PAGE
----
The high school transition is one of the most challenging periods in a student’s academic career and socioemotional growth cycle. Both her class schedule and her teachers’ expectations change.
t High school courses are typically more difficult, and independent learning is increasingly important. To further complicate matters, social pressures are all too present. Studies suggest that students are more likely to repeat ninth grade than they are any other grade in high school, and students who fail as freshmen may also risk failing to graduate from high school. But there are several steps you can take to avoid such a fate and successfully prepare your student for this important transition.
Clarify school expectations
t Ensure your student understands all the expectations he or she will face. Certain high schools offer summer orientations that explain the bell schedule, locations within the building (e.g. his or her locker) and general policies. Such orientations are extremely beneficial, as they equip your student with the basics of his or her transition well before the school year begins in August or September.
Encourage your student to use her voice
t Elementary and middle school teachers often standardize their behavior and grading policies, but each of your student’s high school instructors is likely to have his or her own expectations. One teacher may allow his or her students to volunteer answers without raising their hands, while another instructor may expect absolute silence until a student is called upon. Certain teachers may grade more liberally than others. Thus, the first step toward success is recognizing what must occur in order to succeed. If your student does not know what is expected of her, it is perfectly fine to ask. Emphasize this with your student; encourage her to request clarification whenever she believes it is necessary.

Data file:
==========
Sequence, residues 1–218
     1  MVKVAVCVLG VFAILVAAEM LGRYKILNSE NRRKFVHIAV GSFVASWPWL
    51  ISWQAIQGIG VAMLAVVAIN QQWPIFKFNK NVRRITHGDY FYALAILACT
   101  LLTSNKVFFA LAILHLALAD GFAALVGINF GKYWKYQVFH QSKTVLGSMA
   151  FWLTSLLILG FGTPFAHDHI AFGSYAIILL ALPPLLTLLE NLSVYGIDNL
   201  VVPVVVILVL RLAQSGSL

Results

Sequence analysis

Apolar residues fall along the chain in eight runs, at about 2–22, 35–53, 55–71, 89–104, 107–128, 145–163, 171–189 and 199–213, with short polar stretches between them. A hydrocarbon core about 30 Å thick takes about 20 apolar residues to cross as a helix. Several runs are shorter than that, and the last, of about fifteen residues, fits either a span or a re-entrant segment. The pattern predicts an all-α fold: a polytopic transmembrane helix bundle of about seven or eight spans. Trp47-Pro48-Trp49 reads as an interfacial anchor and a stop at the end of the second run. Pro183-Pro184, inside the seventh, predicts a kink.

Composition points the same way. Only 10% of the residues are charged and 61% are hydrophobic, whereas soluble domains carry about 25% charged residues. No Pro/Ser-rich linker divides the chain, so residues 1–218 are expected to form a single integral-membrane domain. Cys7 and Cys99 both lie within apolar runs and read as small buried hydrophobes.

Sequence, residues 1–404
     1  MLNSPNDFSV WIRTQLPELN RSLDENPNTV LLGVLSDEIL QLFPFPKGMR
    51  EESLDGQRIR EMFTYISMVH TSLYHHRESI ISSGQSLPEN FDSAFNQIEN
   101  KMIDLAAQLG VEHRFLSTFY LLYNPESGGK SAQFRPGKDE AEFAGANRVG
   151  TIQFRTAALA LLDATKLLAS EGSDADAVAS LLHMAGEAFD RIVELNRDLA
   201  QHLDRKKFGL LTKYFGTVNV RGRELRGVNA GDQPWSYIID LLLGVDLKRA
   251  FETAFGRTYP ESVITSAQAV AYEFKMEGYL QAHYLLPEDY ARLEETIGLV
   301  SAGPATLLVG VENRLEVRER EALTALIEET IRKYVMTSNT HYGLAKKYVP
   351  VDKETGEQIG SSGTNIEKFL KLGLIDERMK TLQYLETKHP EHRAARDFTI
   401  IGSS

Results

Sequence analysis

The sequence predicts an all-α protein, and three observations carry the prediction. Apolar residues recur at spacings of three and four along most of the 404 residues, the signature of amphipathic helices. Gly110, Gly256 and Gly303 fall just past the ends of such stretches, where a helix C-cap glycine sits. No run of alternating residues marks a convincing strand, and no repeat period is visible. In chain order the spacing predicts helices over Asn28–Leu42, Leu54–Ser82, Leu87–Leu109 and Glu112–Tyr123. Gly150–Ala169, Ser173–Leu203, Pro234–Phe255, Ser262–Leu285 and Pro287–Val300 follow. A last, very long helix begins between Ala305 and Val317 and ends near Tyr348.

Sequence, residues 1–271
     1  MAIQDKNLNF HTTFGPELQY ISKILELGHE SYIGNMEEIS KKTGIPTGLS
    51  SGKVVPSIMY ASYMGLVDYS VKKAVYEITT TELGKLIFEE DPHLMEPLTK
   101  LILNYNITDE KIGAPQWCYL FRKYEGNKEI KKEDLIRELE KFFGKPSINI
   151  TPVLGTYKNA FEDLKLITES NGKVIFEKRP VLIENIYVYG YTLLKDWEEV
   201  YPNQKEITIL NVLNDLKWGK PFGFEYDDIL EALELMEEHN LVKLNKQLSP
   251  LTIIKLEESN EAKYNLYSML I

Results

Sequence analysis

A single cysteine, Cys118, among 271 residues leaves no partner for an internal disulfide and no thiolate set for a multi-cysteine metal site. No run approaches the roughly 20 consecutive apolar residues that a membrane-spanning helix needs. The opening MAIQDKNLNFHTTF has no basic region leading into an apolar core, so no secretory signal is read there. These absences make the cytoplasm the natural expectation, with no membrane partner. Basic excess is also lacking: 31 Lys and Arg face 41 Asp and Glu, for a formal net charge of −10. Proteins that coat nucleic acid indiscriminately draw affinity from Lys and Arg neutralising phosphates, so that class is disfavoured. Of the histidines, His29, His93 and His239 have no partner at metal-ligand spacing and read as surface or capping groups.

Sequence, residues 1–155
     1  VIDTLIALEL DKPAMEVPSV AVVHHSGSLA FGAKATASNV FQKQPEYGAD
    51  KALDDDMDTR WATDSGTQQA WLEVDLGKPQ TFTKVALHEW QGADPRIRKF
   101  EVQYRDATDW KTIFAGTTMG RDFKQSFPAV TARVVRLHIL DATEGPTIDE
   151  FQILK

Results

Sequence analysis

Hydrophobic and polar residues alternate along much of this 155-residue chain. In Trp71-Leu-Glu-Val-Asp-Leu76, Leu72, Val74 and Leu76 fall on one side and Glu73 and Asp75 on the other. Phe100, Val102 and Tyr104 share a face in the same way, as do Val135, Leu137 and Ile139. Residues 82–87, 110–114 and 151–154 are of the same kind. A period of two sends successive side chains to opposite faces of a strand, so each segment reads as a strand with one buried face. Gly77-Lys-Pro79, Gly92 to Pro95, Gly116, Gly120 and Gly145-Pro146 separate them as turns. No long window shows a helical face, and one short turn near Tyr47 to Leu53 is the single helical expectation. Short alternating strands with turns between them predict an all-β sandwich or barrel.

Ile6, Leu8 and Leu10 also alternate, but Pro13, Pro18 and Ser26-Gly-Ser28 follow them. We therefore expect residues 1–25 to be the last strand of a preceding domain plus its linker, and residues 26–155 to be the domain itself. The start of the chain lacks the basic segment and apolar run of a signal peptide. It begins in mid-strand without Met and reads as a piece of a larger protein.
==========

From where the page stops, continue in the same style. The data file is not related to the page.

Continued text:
Foster strong study habits
t Begin to improve your student’s study skills. Encourage him or her to take clear and comprehensive notes; build strong review habits before he or she needs them. If your student struggles to study on his or her own, consider enlisting the services of a tutor, encourage your student to join a review group (that truly studies), or ask his or her instructors for advice. Teach your student the importance of asking for help, and ensure that he or she understands that there is no shame in seeking assistance. Speak with your child about any difficulties, and be clear about your expectations, as well as why he or she should want to excel.
Share avenues of support
t Finally, educate your student about the support systems available to her, and make sure she has easy access to these systems. While you may believe that your student would feel comfortable coming to you if she was being bullied or experiencing pressure to skip classes, she may feel otherwise. Coaches, friends, guidance counselors, school security officers and teachers exist to help. Clearly explain these avenues to her, and reassure her that she will not be judged.
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